Indira Gandhi became the third Prime Minister of India
Indira Gandhi became the third Prime Minister of India in 1966. Indira Gandhi, the only daughter of India’s first Prime Minister Jawaharlal Nehru, was elected the third Prime Minister of independent India on this day in 1966. On January 19, 1966. It was a truly remarkable day for India. The nation was to get a new Prime Minister and a first female prime minister of independent India. It was the third following Lal Bahadur Shastri died in Tashkent Capital of Uzbekistan some dates ago. It has come down to two competitors the 70-year-old Gandhiwadi Morarji Desai, and the daughter of first prime minister Indira Gandhi, the 49-year-old was an Information and Broadcasting diplomat in Lal Bahadur Shastri’s government.
January 19 Indira Gandhi became independent of India’s third Prime Minister. Her father, Jawaharlal Nehru, was the nation’s first and kept the office for 17 long years. In the earliest immediate competition ever existed for the office, Indira Gandhi was named by administrators of the Congress party members assembled in the large hard durable timber and fresh velvet principal hall of Parliament. Indira Gandhi was India’s third prime minister and the first woman to hold the office of the prime minister of India working from the year 1966 until 1984 when she was assassinated by her bodyguards.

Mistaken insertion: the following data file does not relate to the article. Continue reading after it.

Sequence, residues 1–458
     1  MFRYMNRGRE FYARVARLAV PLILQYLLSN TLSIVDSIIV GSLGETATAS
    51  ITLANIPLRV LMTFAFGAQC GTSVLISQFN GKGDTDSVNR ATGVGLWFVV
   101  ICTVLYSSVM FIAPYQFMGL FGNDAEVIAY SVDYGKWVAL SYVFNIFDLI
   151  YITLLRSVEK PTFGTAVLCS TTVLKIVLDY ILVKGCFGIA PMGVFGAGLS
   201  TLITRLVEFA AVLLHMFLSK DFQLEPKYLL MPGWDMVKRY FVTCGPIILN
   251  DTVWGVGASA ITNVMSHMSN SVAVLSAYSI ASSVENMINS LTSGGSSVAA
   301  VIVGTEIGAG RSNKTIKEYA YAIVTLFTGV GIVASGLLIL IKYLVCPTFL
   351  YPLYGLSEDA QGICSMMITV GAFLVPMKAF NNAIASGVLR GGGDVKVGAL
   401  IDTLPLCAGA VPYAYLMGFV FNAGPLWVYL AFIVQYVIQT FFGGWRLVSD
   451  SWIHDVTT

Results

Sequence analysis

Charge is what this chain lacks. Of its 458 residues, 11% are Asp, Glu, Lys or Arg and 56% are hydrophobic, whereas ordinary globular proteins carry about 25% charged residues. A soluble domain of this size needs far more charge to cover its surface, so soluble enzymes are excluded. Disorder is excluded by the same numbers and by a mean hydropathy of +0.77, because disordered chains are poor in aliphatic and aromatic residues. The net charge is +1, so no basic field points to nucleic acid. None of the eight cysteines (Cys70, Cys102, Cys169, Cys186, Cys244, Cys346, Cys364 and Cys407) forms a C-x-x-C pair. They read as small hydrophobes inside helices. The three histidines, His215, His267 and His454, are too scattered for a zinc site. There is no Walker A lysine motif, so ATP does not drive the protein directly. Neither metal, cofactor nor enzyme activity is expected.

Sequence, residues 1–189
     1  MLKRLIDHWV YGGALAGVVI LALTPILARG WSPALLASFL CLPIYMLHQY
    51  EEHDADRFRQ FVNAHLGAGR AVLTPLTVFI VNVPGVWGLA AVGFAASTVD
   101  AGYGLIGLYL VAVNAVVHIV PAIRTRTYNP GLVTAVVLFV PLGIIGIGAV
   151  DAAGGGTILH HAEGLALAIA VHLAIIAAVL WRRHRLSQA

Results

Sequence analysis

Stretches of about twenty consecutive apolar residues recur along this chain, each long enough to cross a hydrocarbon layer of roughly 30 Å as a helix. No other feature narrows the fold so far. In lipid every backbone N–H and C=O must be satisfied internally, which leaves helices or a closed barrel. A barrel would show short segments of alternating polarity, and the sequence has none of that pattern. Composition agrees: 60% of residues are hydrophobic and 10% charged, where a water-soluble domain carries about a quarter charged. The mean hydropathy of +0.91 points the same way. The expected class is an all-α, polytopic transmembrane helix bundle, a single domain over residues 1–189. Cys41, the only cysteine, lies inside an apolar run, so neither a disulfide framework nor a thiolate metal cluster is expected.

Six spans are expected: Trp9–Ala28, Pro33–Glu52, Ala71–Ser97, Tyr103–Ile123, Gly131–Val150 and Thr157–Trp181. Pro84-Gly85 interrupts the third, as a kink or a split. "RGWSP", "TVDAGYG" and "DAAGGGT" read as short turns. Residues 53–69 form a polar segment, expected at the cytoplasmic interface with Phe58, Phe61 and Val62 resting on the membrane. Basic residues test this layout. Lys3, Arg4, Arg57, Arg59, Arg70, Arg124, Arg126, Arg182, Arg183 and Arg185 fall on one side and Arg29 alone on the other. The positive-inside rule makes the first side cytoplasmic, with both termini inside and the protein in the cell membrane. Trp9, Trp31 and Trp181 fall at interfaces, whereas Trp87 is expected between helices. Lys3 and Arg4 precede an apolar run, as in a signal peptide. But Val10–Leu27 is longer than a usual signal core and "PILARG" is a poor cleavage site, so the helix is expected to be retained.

Indira Gandhi was the only daughter of Jawaharlal Nehru, who become the first prime minister of India after independence. She grew as a national political composition in the year 1955, when she was elected to be the part of the governing assembly of the Congress Party. In the year 1959, she worked as president of the National Congress party and in the year 1964 was elected to an influential job in Lal Bahadur Shastri’s governing administration. Shortly after becoming prime minister, Gandhi was questioned by the other member of the opposite formed Congress Party, and in the 1967 election, she gained only a small success and therefore had to direct with a deputy prime minister.
When her father’s heir, Lal Bahadur Shastri, died unexpectedly in the year 1966, she rose to the office of prime minister. Apparently, on unstable terrain following the Congress Party’s close win in the 1967 election, Gandhi sensed her father’s former associates with her snap. In 1969, after she acted unilaterally to nationalize the country’s banks, Congress Party elders attempted to dismiss her from her position. Instead, Gandhi assembled a new wing of the electorate with her populist attitude and bonded her to continue to hold on to government with an absolute legislative triumph in the year 1971. On October 31, 1984, Gandhi was shot and assassinated by two of her bodyguards, both Sikhs, in revenge for the strike at the Golden Temple.